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Versions: 00                                                            
Network Working Group                                        M. Horowitz
<draft-ietf-cat-kerb-key-derivation-00.txt>             Cygnus Solutions
Internet-Draft                                            November, 1996


                     Key Derivation for Kerberos V5

Status of this Memo

   This document is an Internet-Draft.  Internet-Drafts are working
   documents of the Internet Engineering Task Force (IETF), its areas,
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   Distribution of this memo is unlimited.  Please send comments to the
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Abstract

   In the Kerberos protocol [RFC1510], cryptographic keys are used in a
   number of places.  In order to minimize the effect of compromising a
   key, it is desirable to use a different key for each of these places.
   Key derivation [Horowitz96] can be used to construct different keys
   for each operation from the keys transported on the network.  For
   this to be possible, a small change to the specification is
   necessary.


Overview

   Under RFC1510 as stated, key derivation could be specified as a set
   of encryption types which share the same key type.  The constant for
   each derivation would be a function of the encryption type.  However,
   it is generally accepted that, for interoperability, key types and
   encryption types must map one-to-one onto each other.  (RFC 1510 is
   being revised to address this issue.)  Therefore, to use key
   derivcation with Kerberos V5 requires a small change to the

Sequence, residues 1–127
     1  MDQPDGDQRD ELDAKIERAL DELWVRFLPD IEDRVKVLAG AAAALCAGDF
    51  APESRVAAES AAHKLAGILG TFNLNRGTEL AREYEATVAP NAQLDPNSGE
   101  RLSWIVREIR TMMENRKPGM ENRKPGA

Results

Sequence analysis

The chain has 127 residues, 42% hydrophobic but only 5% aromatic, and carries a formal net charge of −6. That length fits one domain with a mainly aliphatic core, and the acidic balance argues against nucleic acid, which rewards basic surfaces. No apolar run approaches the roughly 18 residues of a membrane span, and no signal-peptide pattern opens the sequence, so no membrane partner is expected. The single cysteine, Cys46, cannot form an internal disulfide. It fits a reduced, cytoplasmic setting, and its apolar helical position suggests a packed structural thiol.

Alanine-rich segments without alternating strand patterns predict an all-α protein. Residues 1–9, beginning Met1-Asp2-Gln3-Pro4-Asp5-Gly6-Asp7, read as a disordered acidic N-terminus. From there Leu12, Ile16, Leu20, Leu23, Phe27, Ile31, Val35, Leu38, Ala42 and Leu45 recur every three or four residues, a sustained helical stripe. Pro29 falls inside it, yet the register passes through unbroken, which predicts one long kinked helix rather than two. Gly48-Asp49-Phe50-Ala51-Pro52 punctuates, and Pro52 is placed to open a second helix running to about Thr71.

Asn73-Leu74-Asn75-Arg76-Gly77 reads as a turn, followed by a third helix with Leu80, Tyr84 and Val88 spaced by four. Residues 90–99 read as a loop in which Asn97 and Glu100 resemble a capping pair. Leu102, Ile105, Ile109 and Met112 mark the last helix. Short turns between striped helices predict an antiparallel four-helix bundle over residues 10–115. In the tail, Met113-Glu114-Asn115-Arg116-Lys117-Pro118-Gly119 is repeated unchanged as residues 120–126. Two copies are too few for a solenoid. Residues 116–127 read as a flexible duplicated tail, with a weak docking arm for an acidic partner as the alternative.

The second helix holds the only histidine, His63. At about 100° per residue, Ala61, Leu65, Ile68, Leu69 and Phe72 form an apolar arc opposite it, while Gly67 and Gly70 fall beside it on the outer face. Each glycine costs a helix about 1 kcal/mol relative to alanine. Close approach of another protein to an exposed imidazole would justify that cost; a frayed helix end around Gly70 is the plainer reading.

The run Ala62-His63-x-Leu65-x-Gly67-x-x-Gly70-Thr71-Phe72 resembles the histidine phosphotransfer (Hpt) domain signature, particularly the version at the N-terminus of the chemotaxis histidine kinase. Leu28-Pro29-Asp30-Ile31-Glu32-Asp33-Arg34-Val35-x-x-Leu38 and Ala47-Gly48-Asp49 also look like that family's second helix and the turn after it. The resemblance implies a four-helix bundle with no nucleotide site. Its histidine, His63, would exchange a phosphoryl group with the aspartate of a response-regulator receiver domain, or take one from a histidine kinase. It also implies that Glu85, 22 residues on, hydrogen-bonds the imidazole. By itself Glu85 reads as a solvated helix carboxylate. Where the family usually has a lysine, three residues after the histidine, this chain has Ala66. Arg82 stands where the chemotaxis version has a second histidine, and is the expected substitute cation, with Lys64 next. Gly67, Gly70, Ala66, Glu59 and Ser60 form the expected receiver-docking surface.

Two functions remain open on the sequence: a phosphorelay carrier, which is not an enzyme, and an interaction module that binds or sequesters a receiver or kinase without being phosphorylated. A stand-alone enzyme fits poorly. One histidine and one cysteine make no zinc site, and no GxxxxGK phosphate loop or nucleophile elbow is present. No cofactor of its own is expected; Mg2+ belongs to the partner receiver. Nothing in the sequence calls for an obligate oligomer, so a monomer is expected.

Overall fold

specification.

   For each place where a key is used in Kerberos, a ``key usage'' must
   be specified for that purpose.  The key, key usage, and
   encryption/checksum type together describe the transformation from
   plaintext to ciphertext, or plaintext to checksum.  For backward



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Internet Draft       Key Derivation for Kerberos V5       November, 1996


   compatibility, old encryption types would be defined independently of
   the key usage.


Key Usage Values

   This is a complete list of places keys are used in the kerberos
   protocol, with key usage values and RFC 1510 section numbers:

      1.  AS-REQ PA-ENC-TIMESTAMP padata timestamp, encrypted with the
          client key (section 5.4.1)
      2.  AS-REP Ticket and TGS-REP Ticket (includes tgs session key or
          application session key), encrypted with the service key
          (section 5.4.2)
      3.  AS-REP encrypted part (includes tgs session key or application
          session key), encrypted with the client key (section 5.4.2)

      4.  TGS-REQ KDC-REQ-BODY AuthorizationData, encrypted with the tgs
          session key (section 5.4.1)
      5.  TGS-REQ KDC-REQ-BODY AuthorizationData, encrypted with the tgs
          authenticator subkey (section 5.4.1)
      6.  TGS-REQ PA-TGS-REQ padata AP-REQ Authenticator cksum, keyed
          with the tgs session key (sections 5.3.2, 5.4.1)
      7.  TGS-REQ PA-TGS-REQ padata AP-REQ Authenticator (includes tgs
          authenticator subkey), encrypted with the tgs session key
          (section 5.3.2)
      8.  TGS-REP encrypted part (includes application session key),
          encrypted with the tgs session key (section 5.4.2)
      9.  TGS-REP encrypted part (includes application session key),
          encrypted with the tgs authenticator subkey (section 5.4.2)

      10. AP-REQ Authenticator cksum, keyed with the application session
          key (section 5.3.2)
      11. AP-REQ Authenticator (includes application authenticator
          subkey), encrypted with the application session key (section
          5.3.2)
      12. AP-REP encrypted part (includes application session subkey),
          encrypted with the application session key (section 5.5.2)